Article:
Ceo forum 2023

Why Businesses Should Consider Drones for Delivery

Drones can no longer be thought of as novelty products. In 2012, the drone industry was worth $40 million. By 2017, its value had reached more than one billion dollars. Such trends indicate drones are clearly here to stay. Added features such as GPS systems and high-quality cameras simply make them even more useful.

As a result, businesses have begun to experiment with using drones for making deliveries. For instance, Alphabet, Google’s parent company, has tested drone delivery in Australia, partnering with restaurants and pharmacists to efficiently bring their products to customers. Ele.me, a food delivery service owned by Alibaba, has also recently been granted approval to deliver food via drones.

There are many key advantages to this approach. They include:

Boosting Customer Satisfaction

Drones can deliver items to customers more quickly than traditional delivery methods because they don’t need to navigate roads. Instead of trying to find the fastest route to a customer, a drone can simply fly straight to them. This is an easy but effective way to make the right impression on customers. Businesses that embrace drone delivery services through Android and iOS mobile application development will get a competitive edge as a result.


Saving Money

Again, drones don’t need to travel via roadways. They also don’t need drivers. This helps businesses reduce costs as they’re able to make deliveries more efficiently. It also reduces the need for human workers and expensive delivery vehicles.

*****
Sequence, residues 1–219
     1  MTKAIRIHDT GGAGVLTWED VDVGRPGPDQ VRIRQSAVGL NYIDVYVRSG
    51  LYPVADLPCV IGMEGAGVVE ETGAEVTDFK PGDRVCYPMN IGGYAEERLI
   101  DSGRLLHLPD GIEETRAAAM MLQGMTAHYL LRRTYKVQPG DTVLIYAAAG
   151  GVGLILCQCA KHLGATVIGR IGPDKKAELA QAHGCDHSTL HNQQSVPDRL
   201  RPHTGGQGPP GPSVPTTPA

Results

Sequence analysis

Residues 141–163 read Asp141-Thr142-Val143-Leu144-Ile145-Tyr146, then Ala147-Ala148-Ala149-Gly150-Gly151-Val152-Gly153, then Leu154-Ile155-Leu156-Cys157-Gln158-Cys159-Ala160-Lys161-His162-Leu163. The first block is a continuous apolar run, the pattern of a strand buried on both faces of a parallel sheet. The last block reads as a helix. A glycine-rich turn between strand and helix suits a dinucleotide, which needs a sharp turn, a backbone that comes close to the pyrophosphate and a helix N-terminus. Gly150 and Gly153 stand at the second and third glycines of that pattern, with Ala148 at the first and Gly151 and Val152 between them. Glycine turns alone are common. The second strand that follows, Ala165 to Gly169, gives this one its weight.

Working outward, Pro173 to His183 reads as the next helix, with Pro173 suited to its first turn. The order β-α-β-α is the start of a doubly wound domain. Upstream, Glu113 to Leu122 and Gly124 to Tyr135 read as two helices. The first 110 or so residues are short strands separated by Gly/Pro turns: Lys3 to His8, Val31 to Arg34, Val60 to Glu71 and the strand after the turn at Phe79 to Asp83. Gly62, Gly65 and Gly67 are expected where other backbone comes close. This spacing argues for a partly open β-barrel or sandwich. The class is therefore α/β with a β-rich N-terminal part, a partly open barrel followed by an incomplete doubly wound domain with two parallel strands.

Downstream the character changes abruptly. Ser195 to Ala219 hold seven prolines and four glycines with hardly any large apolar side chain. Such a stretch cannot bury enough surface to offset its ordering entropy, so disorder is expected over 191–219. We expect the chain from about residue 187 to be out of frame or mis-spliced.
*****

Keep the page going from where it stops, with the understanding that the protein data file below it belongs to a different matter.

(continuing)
Helping the Planet

Drones come in various sizes. Some of the smaller “quad” and “octo” models use relatively little energy. This reduces a business’ carbon footprint.

It’s worth noting that 86% of US consumers report favoring brands that are socially conscious and sustainable. Using drones helps businesses cater to those expectations.

That said, it will be necessary for companies to make certain changes in order to adapt to drone delivery methods. Because companies are still in the relatively early stages of testing drones in this capacity, ensuring this approach is technically feasible may take some time. Additionally, regulations may stand in the way.

Businesses that do begin using drone delivery on a regular basis will also need to make sure their fulfillment warehouses can prepare and ship orders quickly. On top of that, they’ll have to prioritize security to prevent the software necessary for operating drones from being hacked.

Brick-and-mortar shops will also have to adjust, finding new ways to offer the kind of in-store experiences that attract customers. When convenient drone delivery is an option, people need good reasons to visit stores in person.

All that said, it’s clear drone delivery is on its way. Businesses that prepare for this shift sooner rather than later will benefit. So will their customers.